Anyone involved in communal violence will be brought to book regardless of their political affiliation, says the minister
Law Minister Anisul Huq has said that the government will take immediate steps to formulate a law aimed at protecting the minority groups.
His remarks came on Sunday in response to queries from reporters made in light of the recent attacks on the Hindu community that has brought the necessity of a “Minority Protection Act” into the spotlight again, reports Bangla Tribune.
The attacks and clashes led to multiple deaths and arrests of hundreds over the past few weeks across the country.
Responding to another query, the law minister said there will be no mercy for the people accused of involvement in the recent communal violence, no matter which party they belong to.
“A criminal’s only identity is that he is a criminal. It does not matter which party, caste or religion they belong to. They will face justice,” he said when asked about the arrest of a former Chhatra League leader over the arson attack on Hindu houses and businesses in Pirganj, Rangpur.
Reiterating his statement about trying the communal violence accused at the Speedy Trial Tribunal, Anisul said Awami League believed in secular politics and Father of the Nation Bangabandhu Sheikh Mujibur Rahman has taught the same thing to the people.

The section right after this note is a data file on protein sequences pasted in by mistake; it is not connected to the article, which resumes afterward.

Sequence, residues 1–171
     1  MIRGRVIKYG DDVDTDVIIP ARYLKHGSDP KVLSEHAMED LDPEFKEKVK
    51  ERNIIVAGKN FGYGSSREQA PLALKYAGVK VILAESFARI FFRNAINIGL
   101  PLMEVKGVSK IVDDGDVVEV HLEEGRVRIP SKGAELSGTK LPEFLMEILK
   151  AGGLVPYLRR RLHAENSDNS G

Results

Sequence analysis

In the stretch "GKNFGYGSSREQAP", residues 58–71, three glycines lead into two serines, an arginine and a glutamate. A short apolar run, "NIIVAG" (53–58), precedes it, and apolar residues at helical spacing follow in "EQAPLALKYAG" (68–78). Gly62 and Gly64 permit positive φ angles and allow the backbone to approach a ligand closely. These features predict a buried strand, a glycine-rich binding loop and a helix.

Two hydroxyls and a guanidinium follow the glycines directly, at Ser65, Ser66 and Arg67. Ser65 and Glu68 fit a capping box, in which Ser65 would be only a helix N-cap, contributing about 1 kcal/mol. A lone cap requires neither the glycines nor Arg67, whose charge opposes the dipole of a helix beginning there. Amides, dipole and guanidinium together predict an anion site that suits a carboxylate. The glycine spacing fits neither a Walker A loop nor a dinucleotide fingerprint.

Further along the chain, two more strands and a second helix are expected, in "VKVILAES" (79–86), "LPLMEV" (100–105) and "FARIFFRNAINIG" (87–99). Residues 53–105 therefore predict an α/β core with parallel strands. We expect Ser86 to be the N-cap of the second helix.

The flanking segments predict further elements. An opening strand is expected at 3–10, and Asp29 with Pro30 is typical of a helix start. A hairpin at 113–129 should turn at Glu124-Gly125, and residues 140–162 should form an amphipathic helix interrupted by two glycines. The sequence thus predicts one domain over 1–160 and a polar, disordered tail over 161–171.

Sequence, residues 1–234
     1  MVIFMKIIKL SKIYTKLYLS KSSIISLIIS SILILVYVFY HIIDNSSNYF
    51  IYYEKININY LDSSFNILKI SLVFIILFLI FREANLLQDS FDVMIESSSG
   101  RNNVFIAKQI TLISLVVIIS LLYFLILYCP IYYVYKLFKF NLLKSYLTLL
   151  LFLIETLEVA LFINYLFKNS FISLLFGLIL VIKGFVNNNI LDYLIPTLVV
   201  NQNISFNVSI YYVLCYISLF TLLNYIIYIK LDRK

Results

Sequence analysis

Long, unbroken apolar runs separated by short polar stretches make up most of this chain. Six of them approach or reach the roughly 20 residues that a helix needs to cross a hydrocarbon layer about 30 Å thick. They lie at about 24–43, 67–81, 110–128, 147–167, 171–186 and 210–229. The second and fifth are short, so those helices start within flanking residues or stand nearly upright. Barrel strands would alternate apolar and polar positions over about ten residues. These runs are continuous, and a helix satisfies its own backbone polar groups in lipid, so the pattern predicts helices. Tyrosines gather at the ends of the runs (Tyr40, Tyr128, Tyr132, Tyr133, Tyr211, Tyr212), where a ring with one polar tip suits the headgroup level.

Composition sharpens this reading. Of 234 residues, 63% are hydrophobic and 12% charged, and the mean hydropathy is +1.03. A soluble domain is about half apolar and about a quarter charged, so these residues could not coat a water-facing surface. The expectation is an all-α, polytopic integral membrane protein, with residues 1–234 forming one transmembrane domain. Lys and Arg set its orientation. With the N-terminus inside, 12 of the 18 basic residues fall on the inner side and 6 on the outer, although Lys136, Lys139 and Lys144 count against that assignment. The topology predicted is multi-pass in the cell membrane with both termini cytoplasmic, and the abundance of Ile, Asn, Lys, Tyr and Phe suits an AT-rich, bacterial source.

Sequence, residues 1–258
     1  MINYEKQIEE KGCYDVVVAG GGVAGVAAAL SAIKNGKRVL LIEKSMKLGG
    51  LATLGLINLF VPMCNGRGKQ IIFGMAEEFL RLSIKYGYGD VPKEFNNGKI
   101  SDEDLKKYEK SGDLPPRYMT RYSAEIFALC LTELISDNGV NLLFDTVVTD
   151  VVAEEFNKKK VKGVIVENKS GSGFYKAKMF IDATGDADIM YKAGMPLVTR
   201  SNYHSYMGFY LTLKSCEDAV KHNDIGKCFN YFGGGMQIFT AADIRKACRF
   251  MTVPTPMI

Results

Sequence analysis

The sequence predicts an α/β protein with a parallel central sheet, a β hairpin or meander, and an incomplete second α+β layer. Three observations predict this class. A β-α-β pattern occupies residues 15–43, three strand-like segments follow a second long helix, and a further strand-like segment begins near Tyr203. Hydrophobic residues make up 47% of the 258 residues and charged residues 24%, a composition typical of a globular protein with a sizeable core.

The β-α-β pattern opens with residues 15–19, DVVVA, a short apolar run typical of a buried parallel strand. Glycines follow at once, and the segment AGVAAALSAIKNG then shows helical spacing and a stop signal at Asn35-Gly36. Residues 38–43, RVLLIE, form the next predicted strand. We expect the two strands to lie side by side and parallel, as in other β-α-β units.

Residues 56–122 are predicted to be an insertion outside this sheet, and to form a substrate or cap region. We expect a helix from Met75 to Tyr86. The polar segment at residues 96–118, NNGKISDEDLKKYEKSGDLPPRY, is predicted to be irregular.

Replying to a question about formulating the Witness Protection Act, he said: “We have said it earlier that we will take rapid action whenever the issue of this act comes forward.”
Plan to dispose of 600K pending cases by 2022
The law minister on Sunday also said that more than 3.7 million cases were pending in the courts across Bangladesh and that is an accumulated problem from the past years, reports UNB.
A plan has been taken for disposing of 600,000 of those cases by 2022 in order to lighten the load, he said at the inaugural function of the 42nd Special Basic Training Course for Assistant and Equivalent Judges at the Judicial Administration Training Institute in Dhaka in the afternoon.
The judges will need to play a key role in implementing this plan, he said, highlighting the importance of the judges’ training.
In an effort to reduce the number of pending cases, apart from building the infrastructure, 1,152 judges have also been appointed in the last few years and more appointments are in progress, Anisul added.